BALTIMORE — Carrying puppets, signs and roses, hundreds accompanied a pickup carrying the coffin of peace activist Philip Berrigan as it wound its way Monday through the rough neighborhood where he once served as a priest.
Family members stood in the back of the truck along with the plain wooden coffin, hand-painted with red roses, as bagpipers played "Amazing Grace" while the procession marched to the funeral at St. Peter Claver Catholic Church.
"He was bigger than life -- extremely human and heroic and committed," said actor Martin Sheen, who marched in the funeral parade. "He was a great inspiration and a mentor to me and others."
Berrigan, a former Roman Catholic priest, died of cancer Friday; he was 79.
Berrigan staged some of the most dramatic anti-war protests of the 1960s and was arrested at least 100 times. He served a total of 11 years in prison for his anti-war activities.
He led the "Catonsville 9," a group that used homemade napalm on a small bonfire of Selective Service draft records at a parking lot in the Baltimore suburb May 17, 1968. His brother, the Rev. Daniel Berrigan, also was a member of the group.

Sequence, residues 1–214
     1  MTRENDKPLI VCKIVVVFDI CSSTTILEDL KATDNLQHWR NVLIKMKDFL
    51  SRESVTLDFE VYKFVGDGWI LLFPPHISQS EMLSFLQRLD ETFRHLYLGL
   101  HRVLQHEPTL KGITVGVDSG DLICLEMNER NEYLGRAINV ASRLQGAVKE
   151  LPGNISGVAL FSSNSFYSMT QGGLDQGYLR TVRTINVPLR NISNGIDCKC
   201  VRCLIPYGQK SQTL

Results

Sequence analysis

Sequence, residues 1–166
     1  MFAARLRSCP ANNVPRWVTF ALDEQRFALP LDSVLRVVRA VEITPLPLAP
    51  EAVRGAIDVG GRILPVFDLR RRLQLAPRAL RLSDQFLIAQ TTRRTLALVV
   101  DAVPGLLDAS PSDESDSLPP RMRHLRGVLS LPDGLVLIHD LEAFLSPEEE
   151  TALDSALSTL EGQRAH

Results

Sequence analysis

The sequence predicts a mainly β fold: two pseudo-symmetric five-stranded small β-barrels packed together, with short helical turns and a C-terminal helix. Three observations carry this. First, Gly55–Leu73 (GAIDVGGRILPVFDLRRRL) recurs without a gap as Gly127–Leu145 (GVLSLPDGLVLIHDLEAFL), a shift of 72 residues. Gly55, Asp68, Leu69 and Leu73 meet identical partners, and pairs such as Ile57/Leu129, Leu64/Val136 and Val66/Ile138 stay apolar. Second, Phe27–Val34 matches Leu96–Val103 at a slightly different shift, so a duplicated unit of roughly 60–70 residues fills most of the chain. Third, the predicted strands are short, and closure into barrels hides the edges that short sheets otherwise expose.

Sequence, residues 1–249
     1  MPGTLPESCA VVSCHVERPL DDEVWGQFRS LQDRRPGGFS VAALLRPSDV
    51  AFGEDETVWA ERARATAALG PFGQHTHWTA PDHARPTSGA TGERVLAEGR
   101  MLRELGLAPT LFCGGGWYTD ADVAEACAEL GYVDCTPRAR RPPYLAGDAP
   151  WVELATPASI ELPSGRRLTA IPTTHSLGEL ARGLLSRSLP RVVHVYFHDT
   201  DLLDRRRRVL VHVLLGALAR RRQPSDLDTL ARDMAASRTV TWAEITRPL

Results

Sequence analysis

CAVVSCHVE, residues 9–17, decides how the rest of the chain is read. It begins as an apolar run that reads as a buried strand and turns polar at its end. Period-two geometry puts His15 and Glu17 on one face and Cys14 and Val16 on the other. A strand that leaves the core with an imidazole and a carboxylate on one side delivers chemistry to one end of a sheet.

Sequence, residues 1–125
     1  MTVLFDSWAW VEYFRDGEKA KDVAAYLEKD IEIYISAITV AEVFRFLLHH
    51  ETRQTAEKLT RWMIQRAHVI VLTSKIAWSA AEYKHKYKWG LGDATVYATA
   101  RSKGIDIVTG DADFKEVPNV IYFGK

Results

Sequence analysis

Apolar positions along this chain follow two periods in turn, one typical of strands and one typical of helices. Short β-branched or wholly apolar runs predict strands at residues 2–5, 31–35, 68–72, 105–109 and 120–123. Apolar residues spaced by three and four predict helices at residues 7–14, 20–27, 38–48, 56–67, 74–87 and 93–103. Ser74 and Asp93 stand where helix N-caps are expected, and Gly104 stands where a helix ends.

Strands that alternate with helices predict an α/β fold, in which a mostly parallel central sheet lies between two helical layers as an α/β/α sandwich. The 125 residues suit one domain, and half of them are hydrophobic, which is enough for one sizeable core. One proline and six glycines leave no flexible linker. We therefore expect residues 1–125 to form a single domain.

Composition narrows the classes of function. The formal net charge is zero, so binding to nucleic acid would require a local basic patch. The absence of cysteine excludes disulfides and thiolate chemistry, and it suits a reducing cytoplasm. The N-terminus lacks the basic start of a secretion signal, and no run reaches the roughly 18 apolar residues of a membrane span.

Berrigan's daughters, Frida and Kate, read a list of the jails and prisons throughout the country where they visited their father.
"He learned patience through bolts and bars ... through long sacrifice and little reward," Daniel Berrigan told the crowd.
Some mourners carried sticks topped with cloth birds with tattered wings; others sang hymns and Buddhist monks chanted and beat drums.
Ched Myers, 47, an activist, writer and teacher from Los Angeles, said Berrigan was "a historic pioneer in the act of civil disobedience."
In the church, mourners held signs reading "Arm the World With Hugs," "Wage Peace" and "Plowshares Versus Depleted Uranium," a reference to the name of Berrigan's Plowshares for Peace.
"He was a great prophet of peace," said Father John Dear, 43, a Jesuit priest who lives in Cimarron, N.M. "He spoke the truth against war."